Once the toxic lead enters one animal, it's free to move up and down the food chain -- a fact that ought to be especially alarming for people who eat wild game. Lead is a potent neurotoxin -- not safe for humans or wildlife at any level of exposure.
Rhode Island can protect wildlife and people from this unnecessary harm by passing new statewide legislation. House Bill 7838 and Senate Bill 2628 would require the use of nonlead ammunition for all hunting in Rhode Island, to be phased in from 2015 to 2017. California was the first state to pass such legislation in 2013; Rhode Island should be a leader too.
Take action below and urge your state legislators to pass these commonsense bills and help protect Rhode Island's land, water and wildlife from lead contamination.
Mohave shoulderband snails are unlikely desert dwellers. They're moisture dependent in a place known for its deadly heat. And they're exceedingly rare, existing on just three small hills in Southern California.
Indeed, they're one of the Mojave's many wonders, and for tens of thousands of years they've managed to persist. But they're at risk now of extinction from an open-pit mine underway -- a project expected to last just 31 years.
The problem is global as well as local, as mollusks are one of the groups of animals most sensitive to human changes. Since the year 1500, approximately 40 percent of recorded extinctions have been mollusks, including 260 species of slugs and snails.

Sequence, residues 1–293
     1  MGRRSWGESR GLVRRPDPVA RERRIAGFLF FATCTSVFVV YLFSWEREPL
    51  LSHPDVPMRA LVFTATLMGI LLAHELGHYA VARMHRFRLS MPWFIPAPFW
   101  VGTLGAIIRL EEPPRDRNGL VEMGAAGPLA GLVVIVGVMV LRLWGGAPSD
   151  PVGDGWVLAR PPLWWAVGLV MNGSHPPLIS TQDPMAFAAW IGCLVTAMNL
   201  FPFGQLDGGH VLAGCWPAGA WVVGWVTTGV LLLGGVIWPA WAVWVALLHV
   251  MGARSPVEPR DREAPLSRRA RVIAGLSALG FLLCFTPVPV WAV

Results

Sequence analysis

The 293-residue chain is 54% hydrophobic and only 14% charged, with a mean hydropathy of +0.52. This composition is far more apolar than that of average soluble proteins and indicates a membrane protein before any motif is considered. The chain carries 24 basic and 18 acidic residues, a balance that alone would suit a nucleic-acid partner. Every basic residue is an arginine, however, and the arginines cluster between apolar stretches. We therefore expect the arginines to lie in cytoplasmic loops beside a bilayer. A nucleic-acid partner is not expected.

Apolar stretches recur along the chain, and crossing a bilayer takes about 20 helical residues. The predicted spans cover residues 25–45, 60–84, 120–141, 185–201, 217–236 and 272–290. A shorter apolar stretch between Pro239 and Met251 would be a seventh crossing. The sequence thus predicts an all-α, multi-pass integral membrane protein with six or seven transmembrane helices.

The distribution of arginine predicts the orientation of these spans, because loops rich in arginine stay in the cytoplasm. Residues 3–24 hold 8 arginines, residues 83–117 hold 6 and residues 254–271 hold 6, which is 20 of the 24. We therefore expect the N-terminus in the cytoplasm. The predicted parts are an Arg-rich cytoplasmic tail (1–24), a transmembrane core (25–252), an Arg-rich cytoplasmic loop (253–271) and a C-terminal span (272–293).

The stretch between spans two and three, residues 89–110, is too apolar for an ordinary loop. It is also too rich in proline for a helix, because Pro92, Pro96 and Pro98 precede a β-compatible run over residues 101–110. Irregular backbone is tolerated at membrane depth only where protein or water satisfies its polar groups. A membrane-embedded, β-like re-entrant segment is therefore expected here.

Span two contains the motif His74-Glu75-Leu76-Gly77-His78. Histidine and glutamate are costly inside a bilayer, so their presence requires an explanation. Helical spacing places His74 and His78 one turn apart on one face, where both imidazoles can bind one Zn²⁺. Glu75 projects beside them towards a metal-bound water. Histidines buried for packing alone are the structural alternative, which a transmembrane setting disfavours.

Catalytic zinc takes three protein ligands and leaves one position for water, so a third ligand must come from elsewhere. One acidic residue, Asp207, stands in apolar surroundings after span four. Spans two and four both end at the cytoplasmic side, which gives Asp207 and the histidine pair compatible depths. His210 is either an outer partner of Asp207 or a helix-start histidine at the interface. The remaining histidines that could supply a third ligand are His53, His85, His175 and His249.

Without Endangered Species Act protection, California's Golden Queen Mine will continue as planned, likely killing more than half the snail's global population and driving this species perilously close to extinction.
Take action below and urge the U.S. Fish and Wildlife Service to protect Mohave shoulderbands under the Act before it's too late.
Our government gives billions of dollars of taxpayer money to gigantic dirty energy companies every year. It's unfair, unnecessary, and it hurts clean-energy companies.
Unfair government payments to some of the world's largest corporations make dirty energy like oil and coal cheaper, giving them an advantage over clean power sources like wind and solar.